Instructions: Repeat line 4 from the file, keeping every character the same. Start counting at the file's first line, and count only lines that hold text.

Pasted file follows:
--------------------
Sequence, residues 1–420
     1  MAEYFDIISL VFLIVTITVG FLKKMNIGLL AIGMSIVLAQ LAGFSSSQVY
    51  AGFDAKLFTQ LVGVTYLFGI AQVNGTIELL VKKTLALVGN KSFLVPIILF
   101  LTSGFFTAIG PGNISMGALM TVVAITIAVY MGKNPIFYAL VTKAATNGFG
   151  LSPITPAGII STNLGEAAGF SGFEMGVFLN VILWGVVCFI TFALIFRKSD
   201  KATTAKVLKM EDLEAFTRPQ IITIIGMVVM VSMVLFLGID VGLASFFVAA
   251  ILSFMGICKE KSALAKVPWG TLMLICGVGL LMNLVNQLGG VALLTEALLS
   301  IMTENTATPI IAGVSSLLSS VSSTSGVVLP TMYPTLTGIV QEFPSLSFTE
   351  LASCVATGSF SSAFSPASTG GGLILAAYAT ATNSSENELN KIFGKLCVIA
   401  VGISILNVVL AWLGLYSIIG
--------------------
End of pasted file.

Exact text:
   101  LTSGFFTAIG PGNISMGALM TVVAITIAVY MGKNPIFYAL VTKAATNGFG